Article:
Henry Morgentaler is awarded the rank of Member in the Order of Canada by Governor General Michaelle Jean at the Citadelle in Quebec City, October 10, 2008.

Endnotes/Bibliography:

[i] Martin, Sheila. “Morgentaler v. The Queen in the Supreme Court of Canada.” Canadian Journal of Women & the Law 2, no. 2 (1987): 423. http://heinonline.org/HOL/Page?handle=hein.journals/cajwol2&div=28&g_sent=1&casa_token=uLZPl2rvT68AAAAA:nbyyGKIlsL5eDIJM8oBahyUB_7PDQUPizBLeO4w2s9dQRcM80JLxH2k2j1nwIxMYp5ncYfet&collection=journals.

 

[ii] Campbell, Tom. “Abortion Law in Canada: A Need for Reform.” Saskatchewan Law Review 42, no. 2 (1977-1987): 221. Accessed April 5, 2018. http://heinonline.org/HOL/Page?handle=hein.journals/sasklr42&div=18&g_sent=1&casa_token=BtUOQuF9nIMAAAAA:8h2E1EOBn1n4terN9pS5F37y7UaC5knsNUV08-OdvNojU1eYjVXRmc3MrFySPnH3OgM5vIln.

 

[iii] Ferri, Raymond Michale, and Terese Ferri. “Canadian Abortion Law.” The Catholic Lawyer 30, no. 4 (1985): 337. http://scholarship.law.stjohns.edu/tcl/vol30/iss4/3

 

[iv] Ibid, 337

[v] Kermode-Scott, Barbara. “Henry Morgentaler.” British Medical Journal 347, no. 7923 (September 7, 2013): 27. Accessed April 5, 2018. http://www.jstor.org/stable/23495656.

 

[vi] Ibid, 27

[vii] Richer, Karine. “Abortion in Canada: Twenty Years After R. v. Morgentaler.” September 24, 2008, 2. Accessed April 5, 2018. https://lop.parl.ca/content/lop/ResearchPublications/prb0822-e.pdf.

 

[viii] Kermode-Scott, Barbara. “Henry Morgentaler.” British Medical Journal 347, no. 7923 (September 7, 2013): 27. Accessed April 5, 2018. http://www.jstor.org/stable/23495656.

 

[ix] Osborn, R.W, and B. Silkey. “Husbands’ Attitudes Towards Abortion and Canadian Abortion Law.” Journal of Biosocial Science 12, no. 1 (1980): 28. Accessed April 5, 2018. doi:10.1017/S0021932000012657.

 

[x] Kermode-Scott, Barbara. “Henry Morgentaler.” British Medical Journal 347, no. 7923 (September 7, 2013): 27. Accessed April 5, 2018. http://www.jstor.org/stable/23495656. xi Goldberg, Edward M. “The Bad Law Argument in Morgentaler v. The Queen.” Canadian Journal O Women and the Law 3, no. 2 (1989): 585-86. Accessed April 5, 2018.

 

[xi] Goldberg, Edward M. “The Bad Law Argument in Morgentaler v. The Queen.” Canadian Journal O Women and the Law 3, no. 2 (1989): 585-86. Accessed April 5, 2018. http://heinonline.org/HOL/Page?handle=hein.journals/cajwol3&div=42&g_sent=1&casa_token=P9zrSxs2WnAAAAAA:We0zi8R9C321EheKkzynx8TmodAPx9y8IqV4fLtwPeAGa_trVlPGj3y3TCkTb2k-0tcDe4QJ&collection=journals.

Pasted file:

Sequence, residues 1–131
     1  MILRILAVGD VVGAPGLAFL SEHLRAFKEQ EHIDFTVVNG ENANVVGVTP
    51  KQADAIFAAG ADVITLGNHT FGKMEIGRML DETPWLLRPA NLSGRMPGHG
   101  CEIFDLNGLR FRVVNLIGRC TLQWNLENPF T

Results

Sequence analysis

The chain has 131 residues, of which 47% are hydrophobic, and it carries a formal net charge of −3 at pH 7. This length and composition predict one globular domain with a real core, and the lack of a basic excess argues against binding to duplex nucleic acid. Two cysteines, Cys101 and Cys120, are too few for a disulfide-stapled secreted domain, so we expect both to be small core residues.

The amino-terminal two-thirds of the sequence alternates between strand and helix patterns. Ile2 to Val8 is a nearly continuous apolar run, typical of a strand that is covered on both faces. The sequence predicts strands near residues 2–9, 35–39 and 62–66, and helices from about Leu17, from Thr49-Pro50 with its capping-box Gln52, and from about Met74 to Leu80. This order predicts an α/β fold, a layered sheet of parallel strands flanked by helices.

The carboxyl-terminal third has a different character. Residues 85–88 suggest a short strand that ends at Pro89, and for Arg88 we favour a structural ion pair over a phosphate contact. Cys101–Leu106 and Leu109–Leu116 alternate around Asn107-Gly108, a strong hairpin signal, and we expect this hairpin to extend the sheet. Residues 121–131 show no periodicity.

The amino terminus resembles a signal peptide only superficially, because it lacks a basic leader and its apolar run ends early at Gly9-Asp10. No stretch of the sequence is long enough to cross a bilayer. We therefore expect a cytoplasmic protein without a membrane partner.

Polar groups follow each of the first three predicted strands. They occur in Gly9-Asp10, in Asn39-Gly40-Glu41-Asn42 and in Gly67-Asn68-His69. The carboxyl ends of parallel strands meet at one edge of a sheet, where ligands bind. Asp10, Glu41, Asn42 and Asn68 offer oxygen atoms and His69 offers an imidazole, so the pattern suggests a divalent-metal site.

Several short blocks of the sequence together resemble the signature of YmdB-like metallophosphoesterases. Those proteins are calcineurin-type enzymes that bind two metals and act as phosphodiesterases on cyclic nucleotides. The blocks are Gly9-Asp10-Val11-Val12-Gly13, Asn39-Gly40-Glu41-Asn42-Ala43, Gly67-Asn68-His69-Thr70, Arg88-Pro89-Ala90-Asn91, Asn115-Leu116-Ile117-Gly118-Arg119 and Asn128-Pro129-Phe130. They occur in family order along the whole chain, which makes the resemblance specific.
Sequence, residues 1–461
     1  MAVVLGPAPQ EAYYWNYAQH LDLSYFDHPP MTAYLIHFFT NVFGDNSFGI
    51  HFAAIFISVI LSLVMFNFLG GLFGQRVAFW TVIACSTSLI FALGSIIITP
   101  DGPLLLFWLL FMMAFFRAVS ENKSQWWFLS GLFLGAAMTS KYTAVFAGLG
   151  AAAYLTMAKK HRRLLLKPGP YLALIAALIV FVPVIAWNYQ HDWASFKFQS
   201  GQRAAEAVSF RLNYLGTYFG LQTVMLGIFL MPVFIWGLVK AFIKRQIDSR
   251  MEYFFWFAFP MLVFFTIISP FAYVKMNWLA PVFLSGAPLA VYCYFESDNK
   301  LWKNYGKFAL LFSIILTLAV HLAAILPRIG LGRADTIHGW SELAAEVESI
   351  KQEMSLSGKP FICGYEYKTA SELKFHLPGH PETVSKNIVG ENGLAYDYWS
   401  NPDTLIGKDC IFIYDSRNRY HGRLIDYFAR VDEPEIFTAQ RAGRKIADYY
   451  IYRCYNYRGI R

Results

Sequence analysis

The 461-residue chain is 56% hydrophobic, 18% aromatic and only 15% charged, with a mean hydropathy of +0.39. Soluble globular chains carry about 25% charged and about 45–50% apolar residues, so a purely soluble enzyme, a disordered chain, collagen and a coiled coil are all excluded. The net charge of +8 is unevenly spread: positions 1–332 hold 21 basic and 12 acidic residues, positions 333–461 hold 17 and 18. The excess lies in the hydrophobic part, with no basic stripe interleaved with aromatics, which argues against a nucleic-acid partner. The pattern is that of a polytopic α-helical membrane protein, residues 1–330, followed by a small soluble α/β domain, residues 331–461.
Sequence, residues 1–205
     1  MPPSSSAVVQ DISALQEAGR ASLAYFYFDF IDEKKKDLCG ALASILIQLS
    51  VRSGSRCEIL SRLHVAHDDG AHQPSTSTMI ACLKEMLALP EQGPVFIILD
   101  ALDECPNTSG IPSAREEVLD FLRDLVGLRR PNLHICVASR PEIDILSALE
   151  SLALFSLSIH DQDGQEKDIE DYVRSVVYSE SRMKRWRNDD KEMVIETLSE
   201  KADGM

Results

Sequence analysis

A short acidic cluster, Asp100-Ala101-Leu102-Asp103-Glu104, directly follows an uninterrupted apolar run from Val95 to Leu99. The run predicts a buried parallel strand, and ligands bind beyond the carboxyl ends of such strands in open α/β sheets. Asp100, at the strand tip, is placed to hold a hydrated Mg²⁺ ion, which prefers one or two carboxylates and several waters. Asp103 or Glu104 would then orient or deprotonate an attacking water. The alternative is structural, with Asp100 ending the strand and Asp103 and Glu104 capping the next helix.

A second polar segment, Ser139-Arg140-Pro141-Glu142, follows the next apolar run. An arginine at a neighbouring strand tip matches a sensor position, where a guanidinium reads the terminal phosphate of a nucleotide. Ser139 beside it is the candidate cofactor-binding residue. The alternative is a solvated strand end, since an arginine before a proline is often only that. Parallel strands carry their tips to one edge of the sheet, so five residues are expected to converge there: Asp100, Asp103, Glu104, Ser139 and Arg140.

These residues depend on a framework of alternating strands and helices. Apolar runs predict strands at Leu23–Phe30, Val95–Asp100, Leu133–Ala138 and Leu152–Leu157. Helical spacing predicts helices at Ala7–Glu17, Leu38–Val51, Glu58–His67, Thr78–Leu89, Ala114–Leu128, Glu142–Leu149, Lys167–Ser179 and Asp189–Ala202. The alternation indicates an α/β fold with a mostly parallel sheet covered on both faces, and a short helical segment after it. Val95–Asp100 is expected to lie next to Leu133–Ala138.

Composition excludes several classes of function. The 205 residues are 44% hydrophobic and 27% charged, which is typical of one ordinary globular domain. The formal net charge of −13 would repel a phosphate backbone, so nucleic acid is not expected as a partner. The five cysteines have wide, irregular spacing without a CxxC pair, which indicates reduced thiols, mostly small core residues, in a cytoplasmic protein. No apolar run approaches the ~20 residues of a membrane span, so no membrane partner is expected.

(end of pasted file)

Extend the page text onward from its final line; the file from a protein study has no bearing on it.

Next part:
[xii] Maloney, BJ. “The 1988 Morgentaler Decision.” Morgentaler Decision. April 1, 2018. http://www.morgentalerdecision.ca/1988-decision/

 

[xiii] Ibid,

[xiv] R. v. Morgentaler [1988] 1 S.C.R. 30, 1988 SCC 19556. https://scc-csc.lexum.com/scc-csc/scc-csc/en/item/288/index.do

[xv] ibid

[xvi] ibid

[xvii] ibid

[i] Martin, Sheila. “Morgentaler v. The Queen in the Supreme Court of Canada.” Canadian Journal of Women & the Law 2, no. 2 (1987): 423. Link/doi: http://heinonline.org/HOL/Page?handle=hein.journals/cajwol2&div=28&g_sent=1&casa_token=uLZPl2rvT68AAAAA:nbyyGKIlsL5eDIJM8oBahyUB_7PDQUPizBLeO4w2s9dQRcM80JLxH2k2j1nwIxMYp5ncYfet&collection=journals.

 

[ii] McConnell, M. L. “Abortion and Human Rights: An Important Canadian Decision.” The International and Comparative Law Quarterly 38, no. 4 (1989): 905-13. http://www.jstor.org.proxy3.library.mcgill.ca/stable/759920.

 

[iii] Jenson, Jane. “Competing Representations: The Politics of Abortion in Canada.” In Women and the Canadian State/Les Femmes Et L’Etat Canadien, edited by ANDREW CAROLINE and RODGERS SANDA, 291-305. McGill-Queen’s University Press, 1997. http://www.jstor.org/stable/j.ctt815x7.28.

Pictures:

“Abortion Rights Crusader Henry Morgentaler, Revered and Hated, Dead at 90.” The Globe and Mail. March 26, 2017. Accessed April 06, 2018. https://www.theglobeandmail.com/news/national/abortion-rights-crusader-henry-morgentaler-revered-and-hated-dead-at-90/article12221564/

Church, Tedd. “Photos: Henry Morgentaler through the Years.” Www.ottawacitizen.com. 2013. Accessed April 06, 2018. http://www.ottawacitizen.com/news/Photos Henry Morgentaler through years/8450469/story.html.

“In Pictures: Dr. Henry Morgentaler.” The Globe and Mail. March 26, 2017. Accessed April 06, 2018. https://www.theglobeandmail.com/news/national/in-pictures-dr-henry-morgentaler/article12224348/..